Table 3: Hematological remission of patients with acute myeloid leukemia at day 30 after treatment (n=24)

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Figure 3: Hematological remission of patients with acute myeloid leukemia at day 30 after treatment

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According to the data represented in [Table 4], there are no statistical differences between AML at diagnosis and AML 14 days after treatment in the serum level of sULPB1 and sMICA [P = 0.593 and 0.128, respectively; [Figure 4] and [Figure 5].
Table 4: Serum level of soluble UL16 binding protein 1 and soluble MHC class I A in patients with acute myeloidleukemia

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Figure 4: Concentration of soluble MHC class I A (ng/L) in patients with acute myeloid leukemia at diagnosis and 14 days after treatment in comparison to control subjects

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Figure 5: Concentration of soluble UL16 binding protein 1 (pg/mL) in patients with acute myeloid leukemia at diagnosis and 14 days after treatment in comparison to control subjects

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With P = 0.001, there are significant statistical differences between AML at diagnosis and control subjects' serum levels of sMICA. On the contrary, there were no statistically significant differences in the sULPB1, P = 0.942.

In the comparison between AML at 14 days after treatment and control subjects, there were no statistically significant differences in serum levels of sULPB1 with P = 0.079 while there were statistically significant differences in serum levels (sMICA) with P = 0.001.

According to mortality, there were no significant differences between alive patients with AML and deceased in serum levels of sULPB1 and sMICA [P = 0.421 and 0.27, respectively; [Table 5]].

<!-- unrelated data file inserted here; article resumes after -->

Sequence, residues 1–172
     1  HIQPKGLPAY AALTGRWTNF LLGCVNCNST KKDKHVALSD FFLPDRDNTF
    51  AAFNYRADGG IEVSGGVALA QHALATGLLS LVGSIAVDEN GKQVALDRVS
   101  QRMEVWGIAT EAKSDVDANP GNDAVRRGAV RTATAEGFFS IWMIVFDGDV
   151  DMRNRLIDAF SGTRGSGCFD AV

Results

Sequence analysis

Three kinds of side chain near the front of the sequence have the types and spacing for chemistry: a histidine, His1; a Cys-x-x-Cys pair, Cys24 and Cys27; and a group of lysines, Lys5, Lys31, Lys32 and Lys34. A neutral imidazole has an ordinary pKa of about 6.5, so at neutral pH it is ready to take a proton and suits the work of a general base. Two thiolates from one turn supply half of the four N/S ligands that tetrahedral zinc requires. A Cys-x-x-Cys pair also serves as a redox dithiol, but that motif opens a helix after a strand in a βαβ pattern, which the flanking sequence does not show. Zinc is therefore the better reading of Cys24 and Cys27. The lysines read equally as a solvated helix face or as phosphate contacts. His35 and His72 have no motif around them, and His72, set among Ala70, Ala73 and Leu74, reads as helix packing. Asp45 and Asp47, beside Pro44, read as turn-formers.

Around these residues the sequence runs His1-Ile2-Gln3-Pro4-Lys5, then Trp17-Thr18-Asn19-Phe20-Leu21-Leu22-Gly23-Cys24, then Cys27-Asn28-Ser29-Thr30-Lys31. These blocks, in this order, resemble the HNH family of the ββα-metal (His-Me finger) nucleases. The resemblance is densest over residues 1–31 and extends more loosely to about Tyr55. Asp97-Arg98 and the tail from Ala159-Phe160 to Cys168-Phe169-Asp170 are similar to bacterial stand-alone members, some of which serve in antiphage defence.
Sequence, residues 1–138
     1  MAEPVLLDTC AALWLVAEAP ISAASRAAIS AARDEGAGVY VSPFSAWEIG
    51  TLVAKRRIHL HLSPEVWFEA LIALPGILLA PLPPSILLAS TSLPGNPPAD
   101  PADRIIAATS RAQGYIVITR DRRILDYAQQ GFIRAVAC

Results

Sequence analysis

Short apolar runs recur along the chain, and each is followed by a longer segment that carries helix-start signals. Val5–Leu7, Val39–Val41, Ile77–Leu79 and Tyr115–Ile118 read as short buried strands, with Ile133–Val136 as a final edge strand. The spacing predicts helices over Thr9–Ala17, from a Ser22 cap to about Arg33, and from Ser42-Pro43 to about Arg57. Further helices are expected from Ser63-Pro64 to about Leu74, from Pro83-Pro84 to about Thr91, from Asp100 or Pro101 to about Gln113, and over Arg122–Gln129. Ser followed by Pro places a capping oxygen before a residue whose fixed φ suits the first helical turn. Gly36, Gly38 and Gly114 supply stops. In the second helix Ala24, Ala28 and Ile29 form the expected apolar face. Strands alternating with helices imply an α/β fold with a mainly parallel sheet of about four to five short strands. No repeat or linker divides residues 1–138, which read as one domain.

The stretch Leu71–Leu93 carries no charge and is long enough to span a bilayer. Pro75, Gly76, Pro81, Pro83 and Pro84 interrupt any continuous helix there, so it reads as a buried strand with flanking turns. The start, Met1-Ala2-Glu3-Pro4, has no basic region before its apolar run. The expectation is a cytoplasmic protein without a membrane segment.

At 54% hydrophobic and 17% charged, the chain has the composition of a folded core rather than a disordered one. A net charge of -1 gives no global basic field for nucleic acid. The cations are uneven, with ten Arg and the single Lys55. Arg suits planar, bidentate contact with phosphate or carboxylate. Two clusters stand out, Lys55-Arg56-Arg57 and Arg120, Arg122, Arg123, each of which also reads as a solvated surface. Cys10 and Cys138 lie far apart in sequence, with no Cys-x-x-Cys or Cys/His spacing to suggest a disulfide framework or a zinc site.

Table 5: Serum level of soluble UL16 binding protein 1 and soluble MHC class I A in patients with acute myeloidleukemia at diagnosis in relation to mortality

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Concerning remission after 30 days of treatment, there are statistically significant differences in serum level of sMICA, P = 0.041, while there are no statistically significant differences between remission and no remission in serum level of sULPB1, P = 0.767 [Table 6].
Table 6: Serum level of soluble UL16 binding protein 1 and soluble MHC class I A in patients with acute myeloid leukemia at diagnosis, concerning remission at 30 days after a treatment

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Concerning remission after 14 days of treatment, there was no statistically significant difference between remission and no remission in serum level of sULPB1 and sMICA [P = 0.218 and 0.114, respectively; [Table 7]].
Table 7: Serum level of soluble UL16 binding protein 1 and soluble MHC class I A in patients with acute myeloid leukemia at diagnosis, concerning remission at 14 days after a treatment

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  Discussion Top


AML is a cancer of the bone marrow that is caused by myeloid progenitor cells that grow in clones and stop differentiating. Age-adjusted rates of AML in the US are 4.3 per 100,000 people/year.[21] In Iraq, Abdulridha et al. studied 3102 leukemia patients in the Iraqi Center for Hematology in the City of Medicine in Baghdad between January 2018 and December 2019, AML was 37% of total leukemia in 2018, while in 2019, AML was 40.8% of total leukemia.[22] In Iraq, sperated studies in Baghdad , Karbala and Sulaymaniyah demonstrated that the incidence of AML among other type of leukemia was 24.85%, in Baghdad between 2018 and 2019,[22] in Karbala the incidence of AML in 2019 out of 402 leukemic patients 19.2%.[23] In research conducted at the Hiwa Hospital in Sulaymaniyah between 2009 and 2013, 17% of 570 leukemia patients had AML.[24]

AML may affect people of all ages, from infants to the elderly.[25],[26] AML is thought to be a disease of the elderly. In the United States, the median age of AML diagnosis ranged from 62 to 68 years.[27] Similar variations were seen in Europe and Canada.[28],[29] In Saudi Arabia, the median age at AML diagnosis seems to be lower than that reported for the United States and Europe, even though there are minimal data to support this notion. The current research, which included 30 patients with AML at the time of diagnosis and followed up 24 of those patients after 14 days of treatment, found that the mean age of patients with AML was 40.2 ± 15.2 years, ranging from 18 to 65 years according to the exclusion criteria.